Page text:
Tear gas water was fired at protestors using water cannons, protestors from both sides have been injured. Protestors including democracy activists and yellow shirts gathered in front of the parliament on 17 November 2020. Police surrounded the area with 5 layers of concrete barriers and barbed wires. Water cannons fired high-pressure streams at the protestors starting at about 14.30. The water was then mixed with tear gas solution. The protestors gathered in front of the parliament to follow the debate on a constitutional amendment. The voting process is expected to begin on the 18th where the lawmakers will vote if any of the proposal drafts will be accepted for deliberation.
Then around 16.30 officials brought in more water cannons parked in front of the parliament, bringing the total to 4 water cannons. Protestors stood in place with helmets and inflatable duck pool floats to shield from the water cannons and tear gas. At about 17.05 officials backed up the water cannons from the Kiakkai Intersection. Protestors managed to get through the barriers entering the intersection area. The officials then went into the Wat Kaew Pha Temple Alley. This resulted in protestors from different sides directly facing each other. The protestors started throwing items at each other. Guards from each side tried to resolve the emotions and started hugging each other in hopes for their protestors to see and calm down. While this mostly worked, some protestors still had trouble controlling their anger and continued to fight.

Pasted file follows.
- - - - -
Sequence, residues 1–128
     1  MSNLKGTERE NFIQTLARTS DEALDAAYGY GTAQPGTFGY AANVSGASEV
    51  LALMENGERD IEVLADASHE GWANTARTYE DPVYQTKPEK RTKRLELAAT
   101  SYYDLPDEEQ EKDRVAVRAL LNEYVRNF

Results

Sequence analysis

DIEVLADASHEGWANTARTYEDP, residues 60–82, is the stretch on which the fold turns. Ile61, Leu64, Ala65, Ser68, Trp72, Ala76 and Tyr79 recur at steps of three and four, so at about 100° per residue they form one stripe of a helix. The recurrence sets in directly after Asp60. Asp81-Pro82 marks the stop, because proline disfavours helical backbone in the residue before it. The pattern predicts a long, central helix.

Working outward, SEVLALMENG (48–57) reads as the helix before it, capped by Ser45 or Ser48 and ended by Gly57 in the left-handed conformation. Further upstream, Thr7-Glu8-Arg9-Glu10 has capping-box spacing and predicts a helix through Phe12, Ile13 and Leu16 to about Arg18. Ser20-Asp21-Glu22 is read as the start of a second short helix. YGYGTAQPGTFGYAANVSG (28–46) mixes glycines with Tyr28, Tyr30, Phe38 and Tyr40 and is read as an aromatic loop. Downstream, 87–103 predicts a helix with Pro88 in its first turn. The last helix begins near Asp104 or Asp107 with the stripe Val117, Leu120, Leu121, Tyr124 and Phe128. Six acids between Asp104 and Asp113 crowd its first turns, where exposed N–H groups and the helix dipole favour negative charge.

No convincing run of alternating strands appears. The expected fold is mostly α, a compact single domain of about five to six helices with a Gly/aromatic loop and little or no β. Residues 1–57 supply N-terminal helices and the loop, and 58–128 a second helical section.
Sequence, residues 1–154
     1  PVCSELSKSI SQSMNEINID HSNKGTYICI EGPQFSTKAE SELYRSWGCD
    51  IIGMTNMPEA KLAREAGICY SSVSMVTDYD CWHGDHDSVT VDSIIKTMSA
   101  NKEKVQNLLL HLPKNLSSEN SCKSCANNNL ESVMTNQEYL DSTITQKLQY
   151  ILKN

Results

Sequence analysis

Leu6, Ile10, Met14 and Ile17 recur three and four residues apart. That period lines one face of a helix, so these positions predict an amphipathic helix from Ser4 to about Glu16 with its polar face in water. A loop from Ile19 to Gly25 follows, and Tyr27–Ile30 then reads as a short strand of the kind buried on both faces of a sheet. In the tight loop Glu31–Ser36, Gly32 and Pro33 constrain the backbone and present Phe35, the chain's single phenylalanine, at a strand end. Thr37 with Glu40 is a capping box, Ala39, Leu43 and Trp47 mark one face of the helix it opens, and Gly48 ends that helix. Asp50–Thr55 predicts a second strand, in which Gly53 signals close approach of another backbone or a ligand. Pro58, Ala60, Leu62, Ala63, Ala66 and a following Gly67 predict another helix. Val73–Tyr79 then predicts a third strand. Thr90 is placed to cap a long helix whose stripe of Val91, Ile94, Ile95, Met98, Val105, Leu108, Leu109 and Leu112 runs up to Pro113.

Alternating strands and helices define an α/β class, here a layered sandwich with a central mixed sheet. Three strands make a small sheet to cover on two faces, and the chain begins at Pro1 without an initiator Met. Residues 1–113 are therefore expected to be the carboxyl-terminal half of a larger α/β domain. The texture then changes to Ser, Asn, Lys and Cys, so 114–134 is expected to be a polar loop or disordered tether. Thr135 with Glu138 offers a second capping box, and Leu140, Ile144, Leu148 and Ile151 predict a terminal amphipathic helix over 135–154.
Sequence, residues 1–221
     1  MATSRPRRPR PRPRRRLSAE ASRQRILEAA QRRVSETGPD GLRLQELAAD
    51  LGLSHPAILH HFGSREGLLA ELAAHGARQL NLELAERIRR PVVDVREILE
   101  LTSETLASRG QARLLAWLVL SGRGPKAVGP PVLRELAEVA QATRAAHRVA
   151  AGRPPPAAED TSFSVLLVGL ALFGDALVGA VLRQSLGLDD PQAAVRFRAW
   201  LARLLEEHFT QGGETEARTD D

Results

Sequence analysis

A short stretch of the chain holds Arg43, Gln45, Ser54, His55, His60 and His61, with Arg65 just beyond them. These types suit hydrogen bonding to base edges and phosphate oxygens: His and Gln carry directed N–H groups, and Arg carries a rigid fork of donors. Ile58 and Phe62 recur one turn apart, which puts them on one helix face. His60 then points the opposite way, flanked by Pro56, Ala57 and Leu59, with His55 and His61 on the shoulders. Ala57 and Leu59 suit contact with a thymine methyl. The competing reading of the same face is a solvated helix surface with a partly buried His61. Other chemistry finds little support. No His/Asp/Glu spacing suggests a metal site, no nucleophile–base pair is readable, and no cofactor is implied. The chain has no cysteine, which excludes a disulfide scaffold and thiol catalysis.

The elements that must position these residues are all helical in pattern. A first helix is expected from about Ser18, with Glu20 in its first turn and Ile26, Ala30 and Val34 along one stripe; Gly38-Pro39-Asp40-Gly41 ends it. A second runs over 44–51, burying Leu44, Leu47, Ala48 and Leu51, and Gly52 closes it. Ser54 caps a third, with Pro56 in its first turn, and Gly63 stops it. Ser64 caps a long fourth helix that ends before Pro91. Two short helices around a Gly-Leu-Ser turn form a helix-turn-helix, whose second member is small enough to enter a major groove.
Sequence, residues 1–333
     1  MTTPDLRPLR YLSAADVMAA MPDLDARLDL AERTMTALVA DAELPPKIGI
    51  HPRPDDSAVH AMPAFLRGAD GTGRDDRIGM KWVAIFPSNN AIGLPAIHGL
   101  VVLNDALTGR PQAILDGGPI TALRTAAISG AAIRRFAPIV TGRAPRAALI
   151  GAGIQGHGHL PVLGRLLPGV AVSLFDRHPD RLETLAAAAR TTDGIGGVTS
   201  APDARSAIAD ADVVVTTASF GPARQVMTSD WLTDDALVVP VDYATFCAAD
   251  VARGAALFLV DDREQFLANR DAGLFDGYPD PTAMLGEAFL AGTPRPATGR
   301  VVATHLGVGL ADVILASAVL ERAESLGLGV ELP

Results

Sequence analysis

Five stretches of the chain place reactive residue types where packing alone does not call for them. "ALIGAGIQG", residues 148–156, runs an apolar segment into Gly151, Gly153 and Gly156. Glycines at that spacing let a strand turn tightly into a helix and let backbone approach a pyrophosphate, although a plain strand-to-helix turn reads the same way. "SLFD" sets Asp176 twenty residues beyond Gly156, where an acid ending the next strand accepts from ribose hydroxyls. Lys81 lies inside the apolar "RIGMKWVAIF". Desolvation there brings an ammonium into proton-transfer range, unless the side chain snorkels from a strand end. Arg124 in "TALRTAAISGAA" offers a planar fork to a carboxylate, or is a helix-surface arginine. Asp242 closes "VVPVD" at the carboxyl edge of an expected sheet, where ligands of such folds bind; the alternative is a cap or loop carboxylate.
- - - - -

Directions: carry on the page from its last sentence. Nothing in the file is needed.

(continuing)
The Khaosod News Team reported that a man wearing a black shirt was seen standing in the crowd of yellow shirt protesters holding an object that looked like a knife. The man used the knife to point at the opposite side before throwing a rock across. Women, children, and the elderly who were not involved in the protests but were in the area when the water cannons were fired also received injuries. Many around the area tried their best to help using water and saline solution to wash off any tear gas remains in the eyes. A kindergarten student who was coming back from school walked past the Kiakkai Intersection and was hit with tear gas in the eyes, thankfully protestors saw what happened and quickly carried the child to get medical help.